Buying a used car once came with some trepidation, since many buyers worried they might purchase a “lemon,” a used vehicle with something egregiously wrong with it. Out of those potential buyer concerns, automakers and dealerships partnered to create certified pre-owned (CPO) and certified used vehicle programs.
What does certification mean?
When you shop for a Honda certified used car, your selection includes only late-model vehicles with low mileage and only one owner. These vehicles undergo a comprehensive inspection by a manufacturer-trained technician who checks more than 100 items on the vehicle, noting and repairing any area that does not fall within the manufacturer’s specifications for a new vehicle.
The technician replaces any worn or faulty parts with new, original equipment manufacturer (OEM) parts. This process restores the vehicle to its condition when it rolls off the manufacturing line. Once it receives its certification, the manufacturer warranties it.
Certified Used Cars
A certified used car differs slightly from a CPO vehicle. Some vehicles just miss the criteria for a CPO program. A dealership may create its own certified used vehicle program to recondition these vehicles and sell them on their lot. They may or may not come with a warranty, but many dealerships use the same inspection and repair methods as the automaker’s program.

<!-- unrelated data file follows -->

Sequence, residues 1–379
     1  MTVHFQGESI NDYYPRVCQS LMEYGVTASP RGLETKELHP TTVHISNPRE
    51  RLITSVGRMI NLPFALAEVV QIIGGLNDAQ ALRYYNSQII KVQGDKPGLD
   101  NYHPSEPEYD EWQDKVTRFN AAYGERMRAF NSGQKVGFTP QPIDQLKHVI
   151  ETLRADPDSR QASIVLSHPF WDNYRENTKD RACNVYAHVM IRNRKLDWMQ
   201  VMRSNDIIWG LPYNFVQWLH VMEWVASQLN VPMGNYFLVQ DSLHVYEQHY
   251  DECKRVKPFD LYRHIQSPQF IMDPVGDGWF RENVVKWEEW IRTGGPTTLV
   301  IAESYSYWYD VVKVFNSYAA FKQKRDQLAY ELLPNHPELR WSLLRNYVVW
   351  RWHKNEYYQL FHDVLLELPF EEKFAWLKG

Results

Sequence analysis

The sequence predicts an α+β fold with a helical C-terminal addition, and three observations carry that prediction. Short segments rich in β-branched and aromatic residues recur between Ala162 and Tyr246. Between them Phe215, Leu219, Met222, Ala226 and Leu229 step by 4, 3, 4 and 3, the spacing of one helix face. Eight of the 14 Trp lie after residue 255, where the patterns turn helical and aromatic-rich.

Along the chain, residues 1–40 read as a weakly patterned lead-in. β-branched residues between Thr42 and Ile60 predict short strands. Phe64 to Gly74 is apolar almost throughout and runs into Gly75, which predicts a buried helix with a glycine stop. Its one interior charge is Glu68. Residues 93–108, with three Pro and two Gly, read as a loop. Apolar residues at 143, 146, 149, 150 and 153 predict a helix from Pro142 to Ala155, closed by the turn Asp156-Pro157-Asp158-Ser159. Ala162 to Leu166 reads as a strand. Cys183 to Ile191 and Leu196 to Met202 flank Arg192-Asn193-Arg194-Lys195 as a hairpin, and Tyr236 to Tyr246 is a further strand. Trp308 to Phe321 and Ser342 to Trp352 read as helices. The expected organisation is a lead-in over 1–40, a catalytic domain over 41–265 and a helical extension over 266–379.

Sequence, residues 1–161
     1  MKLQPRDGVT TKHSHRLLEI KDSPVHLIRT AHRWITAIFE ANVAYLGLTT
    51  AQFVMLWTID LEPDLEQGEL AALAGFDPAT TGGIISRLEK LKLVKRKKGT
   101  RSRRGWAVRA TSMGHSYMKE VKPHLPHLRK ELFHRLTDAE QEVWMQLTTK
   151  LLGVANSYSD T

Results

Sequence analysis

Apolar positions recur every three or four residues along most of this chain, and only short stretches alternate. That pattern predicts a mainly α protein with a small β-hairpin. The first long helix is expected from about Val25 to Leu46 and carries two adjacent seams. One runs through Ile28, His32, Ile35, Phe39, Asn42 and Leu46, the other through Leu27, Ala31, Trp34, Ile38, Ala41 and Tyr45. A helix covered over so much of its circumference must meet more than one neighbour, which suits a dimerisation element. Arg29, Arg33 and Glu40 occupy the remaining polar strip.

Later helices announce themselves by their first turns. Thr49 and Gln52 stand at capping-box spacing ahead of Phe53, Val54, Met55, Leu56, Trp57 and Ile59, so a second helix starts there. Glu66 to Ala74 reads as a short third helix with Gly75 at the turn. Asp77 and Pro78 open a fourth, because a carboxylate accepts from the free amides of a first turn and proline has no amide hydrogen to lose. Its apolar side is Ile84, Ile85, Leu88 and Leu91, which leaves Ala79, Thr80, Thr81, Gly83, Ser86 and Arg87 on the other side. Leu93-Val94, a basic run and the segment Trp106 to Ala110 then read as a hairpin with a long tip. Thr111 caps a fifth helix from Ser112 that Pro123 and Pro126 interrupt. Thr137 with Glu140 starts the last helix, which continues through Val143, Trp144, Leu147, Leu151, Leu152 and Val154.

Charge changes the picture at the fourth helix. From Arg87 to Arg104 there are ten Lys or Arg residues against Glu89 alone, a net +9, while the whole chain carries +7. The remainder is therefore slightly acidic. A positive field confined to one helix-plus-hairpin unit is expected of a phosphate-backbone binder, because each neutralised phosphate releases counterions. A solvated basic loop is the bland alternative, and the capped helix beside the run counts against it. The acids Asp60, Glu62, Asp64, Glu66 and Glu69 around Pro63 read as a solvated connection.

Used vehicles still exist, and they do cost the least of any vehicles for purchase. A used car may only go through a check of its essentials and a thorough cleaning before it goes up for sale. These vehicles can be of any age and may have had multiple owners. Used cars do not come with a warranty.
Shopping for Non-Used Vehicles
Regardless of the type of preowned vehicle, obtain a vehicle history, commonly called the Carfax report, on it, states Edmunds. These comprehensive vehicle reports contain the maintenance and repair histories of the vehicles. If a car, truck, SUV, or van underwent repairs from an accident, it shows up in this report. Any accident damage, even if unrepaired, appears in this report, too, because the reports draw information from license plate and vehicle information number (VIN) data.
Finding Your Next New-to-You Vehicle
Before visiting Honda dealerships in GA to test drive cars, do some research. Make a list of what you need from a vehicle, such as an expansive cargo area for hauling groceries or significant towing capacity if you own a boat or trailer. Compare the past five model years of your favorite vehicle, deciding on your favorite years and trim levels. Purchasing a used vehicle can make higher-level trims affordable, letting you buy a luxury SUV for the price of a base model.
Test Drive to Make the Final Decision
Choosing between two Hondas or a few trim levels of the same vehicle becomes easier when you test drive the vehicles. According to Consumer Affairs, you should test drive every vehicle that makes your shortlist. This process lets you feel the handling and experience of the ride. After a comprehensive self-education on Honda models, visiting the dealership can help you make a tough decision and drive home the right car.